Jonathan Allen still has an outside shot of earning the No. 1 overall pick, but he's not the only intriguing defensive tackle prospect.
If the best prospect in this year’s draft class somehow winds up not being Myles Garrett, look no further than the defensive tackle spot for option No. 2. Alabama’s Jonathan Allen paces this position group, which also includes a deep roster of proven playmakers.
|1||Jonathan Allen||Alabama||6' 3", 286 lbs.|
|2||Malik McDowell||Michigan State||6' 6", 295 lbs.|
|3||Caleb Brantley||Florida||6' 3", 307 lbs.|
|4||Chris Wormley||Michigan||6' 5", 298 lbs.|
|5||Jaleel Johnson||Iowa||6' 3", 316 lbs.|
|6||Larry Ogunjobi||Charlotte||6' 3", 305 lbs.|
|7||Montravius Adams||Auburn||6' 4", 304 lbs.|
|8||Carlos Watkins||Clemson||6' 3", 309 lbs.|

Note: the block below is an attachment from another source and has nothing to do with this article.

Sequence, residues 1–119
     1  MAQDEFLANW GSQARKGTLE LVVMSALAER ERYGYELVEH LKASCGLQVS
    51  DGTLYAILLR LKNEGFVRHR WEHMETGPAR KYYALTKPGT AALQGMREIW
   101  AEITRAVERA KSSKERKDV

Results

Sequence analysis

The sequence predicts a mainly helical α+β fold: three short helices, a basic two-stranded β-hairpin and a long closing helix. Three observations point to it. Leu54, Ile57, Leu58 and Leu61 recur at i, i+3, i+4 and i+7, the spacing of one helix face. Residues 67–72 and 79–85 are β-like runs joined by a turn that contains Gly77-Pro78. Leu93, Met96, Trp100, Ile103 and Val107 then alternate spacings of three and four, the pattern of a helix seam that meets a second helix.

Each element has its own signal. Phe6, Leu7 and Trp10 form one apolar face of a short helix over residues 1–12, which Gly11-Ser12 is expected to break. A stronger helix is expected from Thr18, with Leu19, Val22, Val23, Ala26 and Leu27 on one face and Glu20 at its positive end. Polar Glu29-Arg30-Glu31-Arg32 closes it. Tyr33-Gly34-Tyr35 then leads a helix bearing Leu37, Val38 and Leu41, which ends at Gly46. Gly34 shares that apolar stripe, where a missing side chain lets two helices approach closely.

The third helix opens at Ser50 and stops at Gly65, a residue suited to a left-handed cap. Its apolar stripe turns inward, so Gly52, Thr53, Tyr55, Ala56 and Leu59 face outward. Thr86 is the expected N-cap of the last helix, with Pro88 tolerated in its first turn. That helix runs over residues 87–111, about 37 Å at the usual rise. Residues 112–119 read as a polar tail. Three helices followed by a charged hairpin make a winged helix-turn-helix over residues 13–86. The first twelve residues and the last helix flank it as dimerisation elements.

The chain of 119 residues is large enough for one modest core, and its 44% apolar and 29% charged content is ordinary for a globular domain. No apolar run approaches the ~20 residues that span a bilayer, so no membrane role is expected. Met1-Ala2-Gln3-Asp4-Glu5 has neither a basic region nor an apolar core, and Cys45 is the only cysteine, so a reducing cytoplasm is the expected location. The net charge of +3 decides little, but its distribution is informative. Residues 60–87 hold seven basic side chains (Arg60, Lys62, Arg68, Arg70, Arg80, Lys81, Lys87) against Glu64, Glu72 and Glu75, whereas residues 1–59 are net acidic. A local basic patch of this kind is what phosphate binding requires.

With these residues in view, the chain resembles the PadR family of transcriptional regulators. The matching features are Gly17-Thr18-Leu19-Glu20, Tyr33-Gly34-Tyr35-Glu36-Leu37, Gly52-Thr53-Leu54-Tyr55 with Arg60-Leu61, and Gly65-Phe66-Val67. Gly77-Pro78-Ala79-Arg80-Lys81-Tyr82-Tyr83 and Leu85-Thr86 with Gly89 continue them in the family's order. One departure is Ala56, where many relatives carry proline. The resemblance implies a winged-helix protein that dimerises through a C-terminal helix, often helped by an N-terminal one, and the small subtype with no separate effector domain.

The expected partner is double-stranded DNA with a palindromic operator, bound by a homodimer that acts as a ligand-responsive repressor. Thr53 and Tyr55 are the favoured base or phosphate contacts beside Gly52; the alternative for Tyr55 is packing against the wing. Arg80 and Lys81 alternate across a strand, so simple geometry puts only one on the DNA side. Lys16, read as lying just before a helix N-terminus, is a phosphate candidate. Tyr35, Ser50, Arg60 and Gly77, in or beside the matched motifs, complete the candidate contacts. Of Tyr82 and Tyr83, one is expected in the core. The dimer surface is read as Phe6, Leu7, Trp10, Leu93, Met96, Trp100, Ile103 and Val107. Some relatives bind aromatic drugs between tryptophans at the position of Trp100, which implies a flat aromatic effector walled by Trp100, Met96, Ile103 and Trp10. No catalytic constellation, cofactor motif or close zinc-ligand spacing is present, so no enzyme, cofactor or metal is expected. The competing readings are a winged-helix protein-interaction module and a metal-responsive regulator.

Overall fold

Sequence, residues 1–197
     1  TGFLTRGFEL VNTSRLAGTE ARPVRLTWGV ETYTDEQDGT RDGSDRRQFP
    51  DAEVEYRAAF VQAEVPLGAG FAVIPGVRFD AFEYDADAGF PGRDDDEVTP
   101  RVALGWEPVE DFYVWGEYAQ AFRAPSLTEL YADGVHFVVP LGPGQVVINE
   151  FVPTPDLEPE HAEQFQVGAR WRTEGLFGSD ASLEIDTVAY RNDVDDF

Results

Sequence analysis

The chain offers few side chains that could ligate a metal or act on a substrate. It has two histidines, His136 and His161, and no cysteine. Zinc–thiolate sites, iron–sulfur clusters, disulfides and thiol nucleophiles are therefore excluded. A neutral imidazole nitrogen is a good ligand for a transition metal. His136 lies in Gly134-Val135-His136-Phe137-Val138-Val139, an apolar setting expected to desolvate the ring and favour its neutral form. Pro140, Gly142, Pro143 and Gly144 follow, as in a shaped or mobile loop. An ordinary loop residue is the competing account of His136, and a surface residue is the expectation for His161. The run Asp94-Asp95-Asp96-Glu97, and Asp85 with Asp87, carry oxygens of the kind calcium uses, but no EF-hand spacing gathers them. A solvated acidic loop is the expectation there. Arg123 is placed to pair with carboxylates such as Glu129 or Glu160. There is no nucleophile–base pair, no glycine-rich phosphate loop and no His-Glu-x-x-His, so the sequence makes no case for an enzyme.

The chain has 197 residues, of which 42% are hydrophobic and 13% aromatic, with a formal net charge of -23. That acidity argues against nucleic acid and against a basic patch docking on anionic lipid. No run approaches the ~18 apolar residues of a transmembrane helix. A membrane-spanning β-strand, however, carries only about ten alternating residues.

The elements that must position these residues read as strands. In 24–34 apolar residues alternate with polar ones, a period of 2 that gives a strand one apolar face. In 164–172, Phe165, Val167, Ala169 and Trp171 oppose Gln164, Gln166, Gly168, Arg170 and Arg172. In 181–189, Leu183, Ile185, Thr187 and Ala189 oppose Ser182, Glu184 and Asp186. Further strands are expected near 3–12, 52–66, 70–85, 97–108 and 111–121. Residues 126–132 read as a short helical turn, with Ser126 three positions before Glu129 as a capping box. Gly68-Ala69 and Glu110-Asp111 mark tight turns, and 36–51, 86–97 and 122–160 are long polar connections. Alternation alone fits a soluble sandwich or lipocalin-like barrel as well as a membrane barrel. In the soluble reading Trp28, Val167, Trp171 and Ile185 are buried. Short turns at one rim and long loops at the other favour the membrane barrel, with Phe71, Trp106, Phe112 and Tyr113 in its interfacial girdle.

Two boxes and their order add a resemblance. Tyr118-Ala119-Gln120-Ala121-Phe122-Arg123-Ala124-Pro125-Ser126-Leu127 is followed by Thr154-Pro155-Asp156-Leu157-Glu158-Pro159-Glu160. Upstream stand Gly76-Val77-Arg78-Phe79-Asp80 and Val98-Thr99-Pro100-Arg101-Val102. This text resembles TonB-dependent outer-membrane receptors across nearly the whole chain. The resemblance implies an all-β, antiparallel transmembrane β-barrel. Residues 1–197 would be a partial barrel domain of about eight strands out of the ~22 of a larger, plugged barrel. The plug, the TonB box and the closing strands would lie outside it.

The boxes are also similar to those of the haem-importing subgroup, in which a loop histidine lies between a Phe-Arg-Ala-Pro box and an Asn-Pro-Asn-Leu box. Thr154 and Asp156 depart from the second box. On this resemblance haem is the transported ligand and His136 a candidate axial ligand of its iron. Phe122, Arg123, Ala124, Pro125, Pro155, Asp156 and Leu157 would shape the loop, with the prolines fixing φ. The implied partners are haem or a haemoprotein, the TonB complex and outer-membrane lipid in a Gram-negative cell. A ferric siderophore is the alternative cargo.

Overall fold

|9||Dalvin Tomlinson||Alabama||6' 3", 310 lbs.|
|10||Eddie Vanderdoes||UCLA||6' 3", 305 lbs.|
Allen is a legitimate top-five prospect in this class, and like many of the others under this “defensive tackle” heading, that description does not cover his capabilities. He played DE quite a bit for Alabama and could stay outside in either a 4–3 or 3–4, dropping down in specific spots. That’s a theme for versatile guys like McDowell and Wormley, too.
The Brantleys and Johnsons of the class, on the other hand, could wind up as fixtures on NFL defenses because of how disruptive they are playing inside. Quick-footed DTs that can push the pocket are coveted—but relatively rare—finds.